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They ARE Hearing Your Body Talk!

by Guila Muir

3 Presentation Positions to Avoid Like the Plague

Hear your body talk“Change the way you hold your head and you change your image.” Phyllis Mindell

These 3 positions may sabotage even your best-designed messages.

Cocked Head
The cocked or tilted head gives a “is this acceptable?” subtext. A cocked head denotes submission. This is not something you want to portray as a speaker.

Suggestion: Hold your head as if a cord from the ceiling suspends it. Feel the length and the verticality of your neck. Look at the audience “straight-on.”

Much more familiar to many, the classic “figleaf” position refers to holding (folding, clasping) both hands for a length of time directly in front of the groin. However, it’s helpful to think of “figleaf” as referring to any hand position held before the body. This includes a range of positions, from a splayed hand over the diaphragm, to casual hands held in front of the stomach, to arms folded across the chest.

Audiences most often interpret this posture as being defensive: a subconscious display of the speaker’s fear and self-protection. (And, guess what? They are often right.)

Suggestion: Practice displaying the entire front of your body to the audience. If you hold notes, use only one hand, and do not allow that hand to stray in front of your body.

“Flamingo” involves resting your weight on one hip, causing it to jut out. Women most often take this pose, though I’ve seen men do it, too. If you want to look like a cheerleader or an aspiring model, use the flamingo pose. Enough said?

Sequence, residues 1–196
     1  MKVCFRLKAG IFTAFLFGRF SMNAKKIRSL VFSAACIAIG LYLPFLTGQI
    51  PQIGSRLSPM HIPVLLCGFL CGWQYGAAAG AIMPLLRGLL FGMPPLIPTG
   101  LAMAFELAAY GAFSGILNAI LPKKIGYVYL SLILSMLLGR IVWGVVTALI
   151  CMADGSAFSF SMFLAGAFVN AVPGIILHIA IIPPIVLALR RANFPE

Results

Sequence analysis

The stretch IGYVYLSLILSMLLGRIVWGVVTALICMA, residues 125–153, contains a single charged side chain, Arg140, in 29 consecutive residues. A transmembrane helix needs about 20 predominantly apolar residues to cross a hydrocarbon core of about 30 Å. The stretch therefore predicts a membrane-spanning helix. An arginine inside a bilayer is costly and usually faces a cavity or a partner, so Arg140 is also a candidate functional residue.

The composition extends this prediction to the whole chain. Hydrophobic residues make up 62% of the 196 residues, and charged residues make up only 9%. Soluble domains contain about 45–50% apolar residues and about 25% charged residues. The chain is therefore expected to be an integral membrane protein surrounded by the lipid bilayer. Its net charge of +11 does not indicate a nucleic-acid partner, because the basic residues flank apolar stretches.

Suggestion: Keep both feet flat on the ground, about 12 inches apart, facing directly forward. If desired, bend the knees a tiny bit for a sense of elasticity and fluidity.

By avoiding the three positions we’ve talked about here, your presentation will soar.

Read more articles about Presentation Skills. Learn about Guila Muir’s Presentation Skills Workshops.

Guila Muir is the premiere trainer of trainers, facilitators, and presenters on the West Coast of the United States. Since 1994, she has helped thousands of professionals improve their training, facilitation, and presentation skills. Find out how she can help transform you from a boring expert to a great presenter: www.guilamuir.com

© Guila Muir.


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